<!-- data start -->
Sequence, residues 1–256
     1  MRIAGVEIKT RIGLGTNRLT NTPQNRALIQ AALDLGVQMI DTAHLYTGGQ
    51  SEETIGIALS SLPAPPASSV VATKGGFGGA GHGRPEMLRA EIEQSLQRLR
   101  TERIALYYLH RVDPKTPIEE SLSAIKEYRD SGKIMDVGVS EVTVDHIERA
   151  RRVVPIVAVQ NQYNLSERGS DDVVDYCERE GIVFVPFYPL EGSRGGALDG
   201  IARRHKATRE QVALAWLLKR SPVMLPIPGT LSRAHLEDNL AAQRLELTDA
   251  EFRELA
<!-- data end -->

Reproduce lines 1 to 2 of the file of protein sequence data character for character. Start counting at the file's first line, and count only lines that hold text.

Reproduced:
Sequence, residues 1–256
     1  MRIAGVEIKT RIGLGTNRLT NTPQNRALIQ AALDLGVQMI DTAHLYTGGQ